- What characteristics set you apart from competitors or a homegrown process?
- What role does your solution play in their short and long-term objectives?
6. Know your market.
One important contextual factor to think about is how your brand compares to others in the industry. You should be aware of how your clients perceive your brand and other businesses are vying for their attention. This should give you a solid notion of the kinds of consumers you'd like to recruit and keep.
Understanding your sector also aids in the development of your brand identity. You must discover a strategy to differentiate your goods and services if you want to stand out. However, you don't want to publicize any modifications that will annoy your customers. You can copy your competitor's effective approaches for introducing and educating customers about a new product or feature if you know which marketing strategies your customers currently respond to.
7. Create the buyer personas.
Keep in mind that you're selling to real individuals with real personalities, feelings, and needs. After you've determined the characteristics of your client profile, the following step is to determine who you want to contact within the firm. This will come in handy when trying to build a relationship with the account and figuring out who the decision makers and influencers are. Here are some crucial details to learn about your customer profile's members:
- Age range
- Education level
- Income level
- How will they use your product/service?
- On what marketing channels can you reach them?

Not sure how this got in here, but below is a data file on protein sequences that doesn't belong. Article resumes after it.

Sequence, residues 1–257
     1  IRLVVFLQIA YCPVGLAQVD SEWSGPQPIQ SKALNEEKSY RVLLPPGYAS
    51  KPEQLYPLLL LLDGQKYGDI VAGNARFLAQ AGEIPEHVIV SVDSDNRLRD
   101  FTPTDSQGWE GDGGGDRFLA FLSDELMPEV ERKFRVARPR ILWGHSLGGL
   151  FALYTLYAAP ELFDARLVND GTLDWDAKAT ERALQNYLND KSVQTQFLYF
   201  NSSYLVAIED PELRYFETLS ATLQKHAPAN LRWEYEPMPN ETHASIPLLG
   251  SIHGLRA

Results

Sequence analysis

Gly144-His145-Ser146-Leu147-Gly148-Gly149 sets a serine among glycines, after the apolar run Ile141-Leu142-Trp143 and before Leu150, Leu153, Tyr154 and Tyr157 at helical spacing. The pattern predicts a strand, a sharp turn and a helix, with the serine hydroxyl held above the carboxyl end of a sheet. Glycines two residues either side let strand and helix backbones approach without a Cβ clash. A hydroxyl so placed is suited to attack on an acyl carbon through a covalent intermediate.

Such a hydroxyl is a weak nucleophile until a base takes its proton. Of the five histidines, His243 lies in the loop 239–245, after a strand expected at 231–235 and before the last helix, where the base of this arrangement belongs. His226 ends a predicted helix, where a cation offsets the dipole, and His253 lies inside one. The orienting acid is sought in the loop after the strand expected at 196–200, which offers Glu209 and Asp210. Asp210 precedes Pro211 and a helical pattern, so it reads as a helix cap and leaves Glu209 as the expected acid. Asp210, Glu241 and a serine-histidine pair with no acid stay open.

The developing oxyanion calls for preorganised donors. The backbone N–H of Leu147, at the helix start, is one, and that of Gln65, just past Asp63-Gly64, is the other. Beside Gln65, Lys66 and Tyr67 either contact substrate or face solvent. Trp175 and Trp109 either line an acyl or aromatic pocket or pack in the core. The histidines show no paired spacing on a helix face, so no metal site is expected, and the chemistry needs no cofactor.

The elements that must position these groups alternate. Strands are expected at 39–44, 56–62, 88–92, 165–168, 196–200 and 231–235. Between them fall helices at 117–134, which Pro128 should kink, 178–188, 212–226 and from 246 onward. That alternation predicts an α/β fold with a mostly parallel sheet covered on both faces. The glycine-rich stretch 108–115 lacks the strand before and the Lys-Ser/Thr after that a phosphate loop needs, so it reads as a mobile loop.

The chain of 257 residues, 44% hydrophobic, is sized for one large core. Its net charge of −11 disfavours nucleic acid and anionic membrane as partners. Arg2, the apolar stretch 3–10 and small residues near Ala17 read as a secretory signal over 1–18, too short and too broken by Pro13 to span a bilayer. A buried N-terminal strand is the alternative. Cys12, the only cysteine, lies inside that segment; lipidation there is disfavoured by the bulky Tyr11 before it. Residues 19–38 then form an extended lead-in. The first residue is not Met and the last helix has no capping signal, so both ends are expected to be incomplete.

- What are the key responsibilities for their role?
- What role do they play in the decision-making process?
If you need a tool to help you build, visualize, and share your personas, try HubSpot's Make My Persona tool.
8. Conduct an analysis of your buyer personas.
A client profile is an important tool for expanding your business. This description will serve as a guide for determining which items or features to develop, as well as which marketing channels to employ in a campaign.
You risk selling a product or service that doesn't match the precise wants of any possible clients if you don't have it. Alternatively, you may find yourself marketing to prospects in a way that does not correspond to their understanding of the issue. Your goal should be to operate in accordance with your client profile, which should guide everything from feature development to go-to-market strategy.
Gather external elements, qualify contextual facts, and establish a comprehensive grasp of how your firm offers value to each client type as you build your customer profile.
Here's an example from HubSpot: